Attorney for Astros owner calls Mike Bolsinger’s lawsuit ‘a publicity stunt’

Houston Astros owner Jim Crane speaks during a news conference.
Houston Astros owner Jim Crane was sued by former pitcher Mike Bolsinger in what a lawyer for Crane called a “publicity stunt.”
(Jeff Roberson / Associated Press)

The attorney for Houston Astros owner Jim Crane has called a lawsuit filed by a former pitcher “a publicity stunt” all but doomed to failure.

Mike Bolsinger sued the Astros last February, blaming them for his inability to find another pitching job after he was shellacked in Houston in a 2017 game. In a report in January, Major League Baseball commissioner Rob Manfred said the Astros had cheated that year by improperly deploying technology to steal signs.

In a filing last week in Los Angeles County Superior Court, attorney John Hueston cited two sports-related lawsuits that had been thrown out of court: one in which a New York Jets ticket holder sued New England Patriots coach Bill Belichick for fraud in the wake of the Spygate scandal and another in which a New Orleans Saints ticket holder sued the NFL over a disputed official’s call that helped the Rams beat the Saints and advance to the 2019 Super Bowl.


“Similar publicity-seeking lawsuits related to high-profile sporting events with virtually no chance of success on the merits are common,” Hueston wrote. “The lawsuits garner national media attention for the plaintiff and his attorney before being dismissed as meritless and contrary to public policy.”

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In Bolsinger’s last professional pitching appearance, in Houston on Aug. 4, 2017, while a member of the Toronto Blue Jays, he faced eight batters, seven of whom reached base. He threw 29 pitches — with 12, according to his lawsuit, preceded by the bangs on a trash can that have since been revealed as the signal used to alert Astros batters that an offspeed pitch was coming.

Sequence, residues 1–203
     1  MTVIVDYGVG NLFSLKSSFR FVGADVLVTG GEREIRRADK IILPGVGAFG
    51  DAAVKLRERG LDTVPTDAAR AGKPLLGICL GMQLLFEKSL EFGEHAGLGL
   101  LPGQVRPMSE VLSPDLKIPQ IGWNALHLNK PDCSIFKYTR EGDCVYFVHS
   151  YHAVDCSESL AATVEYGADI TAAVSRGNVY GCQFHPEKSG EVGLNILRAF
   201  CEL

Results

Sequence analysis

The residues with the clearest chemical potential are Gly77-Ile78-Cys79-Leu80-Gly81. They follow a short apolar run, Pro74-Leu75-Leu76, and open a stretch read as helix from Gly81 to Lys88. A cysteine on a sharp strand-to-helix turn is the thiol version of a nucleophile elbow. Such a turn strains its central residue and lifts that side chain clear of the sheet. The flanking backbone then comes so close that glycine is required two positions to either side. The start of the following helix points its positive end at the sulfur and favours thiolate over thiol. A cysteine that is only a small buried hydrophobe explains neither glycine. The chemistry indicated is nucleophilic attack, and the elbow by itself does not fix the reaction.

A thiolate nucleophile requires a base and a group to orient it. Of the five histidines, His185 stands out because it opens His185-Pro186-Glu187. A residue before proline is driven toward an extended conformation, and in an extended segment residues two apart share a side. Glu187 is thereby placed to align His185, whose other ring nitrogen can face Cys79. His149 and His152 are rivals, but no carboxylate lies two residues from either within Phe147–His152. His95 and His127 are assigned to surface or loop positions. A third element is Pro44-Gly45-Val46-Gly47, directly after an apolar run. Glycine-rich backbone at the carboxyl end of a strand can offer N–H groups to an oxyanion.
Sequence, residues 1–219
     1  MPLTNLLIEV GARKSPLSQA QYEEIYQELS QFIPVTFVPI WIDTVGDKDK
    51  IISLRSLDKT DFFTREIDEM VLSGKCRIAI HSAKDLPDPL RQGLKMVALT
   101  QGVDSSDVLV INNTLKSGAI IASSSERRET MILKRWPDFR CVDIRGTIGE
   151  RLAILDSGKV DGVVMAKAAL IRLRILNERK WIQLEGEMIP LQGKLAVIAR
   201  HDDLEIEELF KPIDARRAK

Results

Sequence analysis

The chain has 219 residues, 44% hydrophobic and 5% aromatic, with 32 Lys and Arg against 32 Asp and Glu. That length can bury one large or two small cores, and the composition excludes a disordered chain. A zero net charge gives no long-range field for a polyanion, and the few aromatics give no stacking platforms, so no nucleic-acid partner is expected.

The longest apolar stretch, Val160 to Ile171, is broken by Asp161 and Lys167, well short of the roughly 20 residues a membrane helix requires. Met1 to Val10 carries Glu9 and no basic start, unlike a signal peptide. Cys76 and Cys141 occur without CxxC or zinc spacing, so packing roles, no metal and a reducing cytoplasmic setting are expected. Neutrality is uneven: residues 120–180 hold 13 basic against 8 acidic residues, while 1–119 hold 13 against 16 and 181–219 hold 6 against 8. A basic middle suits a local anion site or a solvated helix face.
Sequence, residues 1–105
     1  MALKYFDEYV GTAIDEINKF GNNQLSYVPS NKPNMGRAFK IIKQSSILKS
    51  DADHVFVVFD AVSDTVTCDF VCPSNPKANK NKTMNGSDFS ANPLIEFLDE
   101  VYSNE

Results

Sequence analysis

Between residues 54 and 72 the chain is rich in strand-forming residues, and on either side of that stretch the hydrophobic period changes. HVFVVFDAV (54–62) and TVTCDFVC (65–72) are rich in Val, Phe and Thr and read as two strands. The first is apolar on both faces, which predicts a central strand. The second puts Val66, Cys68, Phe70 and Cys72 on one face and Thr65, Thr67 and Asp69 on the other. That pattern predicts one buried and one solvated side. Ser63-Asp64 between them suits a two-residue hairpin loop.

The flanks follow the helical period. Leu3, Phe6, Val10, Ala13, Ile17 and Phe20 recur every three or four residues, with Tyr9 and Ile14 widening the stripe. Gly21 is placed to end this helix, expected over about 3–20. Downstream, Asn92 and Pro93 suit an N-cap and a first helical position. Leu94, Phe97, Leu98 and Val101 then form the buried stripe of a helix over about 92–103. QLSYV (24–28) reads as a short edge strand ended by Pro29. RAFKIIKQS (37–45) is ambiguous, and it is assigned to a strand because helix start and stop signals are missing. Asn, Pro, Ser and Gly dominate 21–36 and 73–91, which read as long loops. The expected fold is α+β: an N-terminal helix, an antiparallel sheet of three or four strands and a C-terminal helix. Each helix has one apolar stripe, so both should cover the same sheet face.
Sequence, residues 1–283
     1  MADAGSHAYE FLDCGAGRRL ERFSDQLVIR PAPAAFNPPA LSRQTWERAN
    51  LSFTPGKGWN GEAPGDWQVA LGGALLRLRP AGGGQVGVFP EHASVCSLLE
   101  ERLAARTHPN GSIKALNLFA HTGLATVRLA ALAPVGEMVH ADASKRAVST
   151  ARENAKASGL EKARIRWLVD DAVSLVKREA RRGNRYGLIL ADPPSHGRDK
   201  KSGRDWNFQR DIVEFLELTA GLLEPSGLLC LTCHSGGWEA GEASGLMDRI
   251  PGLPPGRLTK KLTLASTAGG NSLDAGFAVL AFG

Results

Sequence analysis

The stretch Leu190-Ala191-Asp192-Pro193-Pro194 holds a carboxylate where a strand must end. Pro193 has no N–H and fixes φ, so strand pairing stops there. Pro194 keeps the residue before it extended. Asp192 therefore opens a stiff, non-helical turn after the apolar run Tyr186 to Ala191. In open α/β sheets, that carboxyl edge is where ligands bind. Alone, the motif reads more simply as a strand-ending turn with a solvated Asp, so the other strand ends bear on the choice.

”That type of journeyman guy I am, a guy that might be on the fringe, you only get so many opportunities,” Bolsinger told The Times when he filed suit. “You can’t be a guy like that and go out there and have an outing like I did.”

The Astros have asked that the suit be thrown out or, at the least, moved to Texas. Bolsinger is a Texas resident.

“Plaintiff filed this lawsuit in California for media attention — because the Astros played the Dodgers in the 2017 World Series here — not because Plaintiff was injured or suffered damages here,” Hueston wrote. Bolsinger pitched for the Dodgers in 2015-16; he pitched for the Blue Jays in 2017.

The two sides have asked the court to decide whether Crane should be deposed about the Astros’ sign-stealing scandal before making a ruling on whether the case can go forward. A hearing is scheduled Feb. 1.


“The Astros claiming that being held accountable for cheating is a publicity stunt is very 2020 of them,” Ben Meiselas, the attorney for Bolsinger, said in a statement. “Frankly, at this point I am surprised that Jim Crane didn’t tweet in all caps that the Astros cheating scandal is FAKE NEWS and hire [Rudy] Giuliani.”

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In a declaration, Crane said Manfred’s report “explicitly exonerated” him in the scheme. Then-Astros general manager Jeff Luhnow, whom Crane fired, has sued the Astros for breach of contract, alleging Crane and Manfred struck a “negotiated resolution” that “went to great lengths to publicly exonerate Crane, and scapegoated Luhnow for a sign-stealing scandal he had no knowledge of and played no part in.” In his filing last week, Hueston wrote that the Astros dispute that Luhnow’s lawsuit “has any merit.”

Meiselas cited that suit in his previous filing, which Hueston wrote “only further underscores that Bolsinger is improperly trying to impress a California court into devoting its scarce resources to investigating and adjudicating matters concerning Texas disputes among Texans.” That suit, Hueston wrote, was filed in “Texas by Texan Mike [sic] Luhnow, the former General Manager of the Astros, against the Astros (a Texas resident) for alleged breach of Luhnow’s contract by the Astros, and that expressly invokes Texas law.”